This is the first installment of our weekend trip to Washington D.C. It’s actually the first of three trips that I will make to D.C. this year.

We went with our good friends Mat & Carol. Mat, who is an avid collector of almost averything (cat whiskers, crunched pennies, matchbox cars, old tools … you name it, he collects it), had never been to the Smithsonian museums before. Two years ago, we all decided to make the trip together, but it took that long for us to actually book the plane tickets and hotel. Believe it or not, we did it on about $300 a person, not including food.

Here is Mat, in his triumphant glee at finally arriving at the Smithsonian Museum of Natural History.

It was actually kind of ironic, because we had really talked up two museums, the Museum of American History and the Arts & Industry Building of the Smithsonian Castle. Guess which two museums were closed?

But, there’s no shortage of museums in D.C. and we managed to exhaust ourselves pretty good with the rest of them.

Even though I had been to D.C. the most recently, I was surprised to find several exhibits had changed quite a bit. I hadn’t walked through the Dinosaurs/Hall of Paleobiology exhibit in quite a while, and it is quite good. In particular, I liked this guy… I can’t remember his name, but I know it begins with an E.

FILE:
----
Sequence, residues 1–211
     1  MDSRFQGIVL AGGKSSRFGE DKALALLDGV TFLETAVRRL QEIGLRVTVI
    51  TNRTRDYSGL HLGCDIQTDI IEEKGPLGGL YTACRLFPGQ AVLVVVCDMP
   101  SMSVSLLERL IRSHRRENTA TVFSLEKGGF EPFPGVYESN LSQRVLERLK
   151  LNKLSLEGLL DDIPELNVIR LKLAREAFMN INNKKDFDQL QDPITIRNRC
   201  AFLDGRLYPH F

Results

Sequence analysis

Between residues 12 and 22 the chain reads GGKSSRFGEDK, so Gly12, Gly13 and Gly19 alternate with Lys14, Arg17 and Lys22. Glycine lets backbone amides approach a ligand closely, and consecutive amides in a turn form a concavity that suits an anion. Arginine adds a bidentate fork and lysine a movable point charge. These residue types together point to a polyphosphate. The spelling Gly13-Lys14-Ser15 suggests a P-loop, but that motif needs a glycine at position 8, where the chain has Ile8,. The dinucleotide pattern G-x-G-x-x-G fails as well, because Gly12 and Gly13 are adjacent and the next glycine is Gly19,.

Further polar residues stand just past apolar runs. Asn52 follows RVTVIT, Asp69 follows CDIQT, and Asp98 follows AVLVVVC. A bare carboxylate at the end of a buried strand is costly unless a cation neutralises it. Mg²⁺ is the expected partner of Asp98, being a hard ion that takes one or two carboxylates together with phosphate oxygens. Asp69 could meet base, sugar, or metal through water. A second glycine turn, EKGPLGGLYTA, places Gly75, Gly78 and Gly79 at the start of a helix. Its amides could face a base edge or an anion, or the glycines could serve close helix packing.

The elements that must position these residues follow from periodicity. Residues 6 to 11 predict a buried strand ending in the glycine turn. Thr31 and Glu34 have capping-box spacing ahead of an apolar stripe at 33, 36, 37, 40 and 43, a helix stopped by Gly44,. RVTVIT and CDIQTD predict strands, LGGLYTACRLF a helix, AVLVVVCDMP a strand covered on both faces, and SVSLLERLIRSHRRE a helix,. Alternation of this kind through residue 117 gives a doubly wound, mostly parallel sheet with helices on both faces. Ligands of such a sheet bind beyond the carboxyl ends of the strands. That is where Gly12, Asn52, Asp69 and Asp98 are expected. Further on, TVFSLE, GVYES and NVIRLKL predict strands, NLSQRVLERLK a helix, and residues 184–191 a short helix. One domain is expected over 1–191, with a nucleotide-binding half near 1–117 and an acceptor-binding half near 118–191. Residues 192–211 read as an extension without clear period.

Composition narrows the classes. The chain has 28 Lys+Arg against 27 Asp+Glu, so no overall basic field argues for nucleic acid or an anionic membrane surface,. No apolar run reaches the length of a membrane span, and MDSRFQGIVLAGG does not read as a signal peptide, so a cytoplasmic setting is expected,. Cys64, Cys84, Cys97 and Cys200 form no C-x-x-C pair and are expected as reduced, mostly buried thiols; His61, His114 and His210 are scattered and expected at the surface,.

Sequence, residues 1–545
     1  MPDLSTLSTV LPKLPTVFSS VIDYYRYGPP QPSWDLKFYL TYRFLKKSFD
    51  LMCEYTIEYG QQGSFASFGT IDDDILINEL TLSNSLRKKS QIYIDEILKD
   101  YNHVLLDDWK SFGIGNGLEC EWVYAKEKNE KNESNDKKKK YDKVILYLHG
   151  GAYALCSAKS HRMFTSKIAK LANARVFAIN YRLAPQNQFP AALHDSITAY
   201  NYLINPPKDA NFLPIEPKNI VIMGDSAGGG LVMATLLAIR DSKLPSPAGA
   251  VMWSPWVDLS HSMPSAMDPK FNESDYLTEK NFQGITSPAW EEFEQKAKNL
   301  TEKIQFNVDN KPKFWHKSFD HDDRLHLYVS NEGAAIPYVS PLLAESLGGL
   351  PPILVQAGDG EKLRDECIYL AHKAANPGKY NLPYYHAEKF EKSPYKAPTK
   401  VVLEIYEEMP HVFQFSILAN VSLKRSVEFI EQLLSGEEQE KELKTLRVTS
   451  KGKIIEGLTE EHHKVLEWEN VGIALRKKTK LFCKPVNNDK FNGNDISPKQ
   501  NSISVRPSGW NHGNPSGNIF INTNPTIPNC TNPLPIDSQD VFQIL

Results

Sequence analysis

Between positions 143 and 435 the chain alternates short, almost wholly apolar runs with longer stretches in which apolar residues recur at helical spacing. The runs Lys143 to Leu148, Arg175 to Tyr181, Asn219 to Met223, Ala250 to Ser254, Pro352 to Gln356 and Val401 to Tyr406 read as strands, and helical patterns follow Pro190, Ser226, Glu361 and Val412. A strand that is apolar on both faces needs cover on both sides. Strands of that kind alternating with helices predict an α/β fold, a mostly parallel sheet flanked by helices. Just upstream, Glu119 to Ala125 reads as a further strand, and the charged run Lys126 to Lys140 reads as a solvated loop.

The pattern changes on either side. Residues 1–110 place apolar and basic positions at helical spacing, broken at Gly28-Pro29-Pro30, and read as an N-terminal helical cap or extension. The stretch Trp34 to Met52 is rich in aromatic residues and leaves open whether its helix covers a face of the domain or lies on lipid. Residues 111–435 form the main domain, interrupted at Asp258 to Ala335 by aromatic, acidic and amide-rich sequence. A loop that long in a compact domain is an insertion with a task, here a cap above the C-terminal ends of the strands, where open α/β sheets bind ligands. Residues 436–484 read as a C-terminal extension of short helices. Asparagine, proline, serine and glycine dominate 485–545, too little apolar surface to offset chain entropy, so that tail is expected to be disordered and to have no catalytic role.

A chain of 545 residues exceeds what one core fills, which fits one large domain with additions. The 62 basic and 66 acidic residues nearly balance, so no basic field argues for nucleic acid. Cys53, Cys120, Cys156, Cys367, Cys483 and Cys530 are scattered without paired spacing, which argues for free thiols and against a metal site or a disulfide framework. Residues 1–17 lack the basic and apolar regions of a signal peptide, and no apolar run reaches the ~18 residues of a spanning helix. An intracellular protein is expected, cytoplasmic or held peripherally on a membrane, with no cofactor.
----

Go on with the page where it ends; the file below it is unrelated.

Joel’s favorite was this prehistoric creature, which he liked because it looked like a pudgy turtle that might have eaten one too many donut.

Actually, Joel really liked the large turtle and tortoise skeletons, which we found in several places in the museum. Isn’t it weird that it looks like Joel is standing in front of an aquarium scene?

I don’t think I’ve been to the Hall of Geology, Gems, and Minerals since I was in High School. I was surprised to see that a lot of it is now designed to make you feel like you are peering into the alcoves of a cave. It is complete with dripping noises … like the water dripping from stalagtites. Now, I should say that I was a caving guide for a couple summers at a Girl Scout camp, and I don’t recall ever hearing dripping noises, but the noise soundtrack for the exhibit did add to the effect. It was really a neat exhibit.

And who could resist posing with the 3-D atomic structure of a salt crystal?

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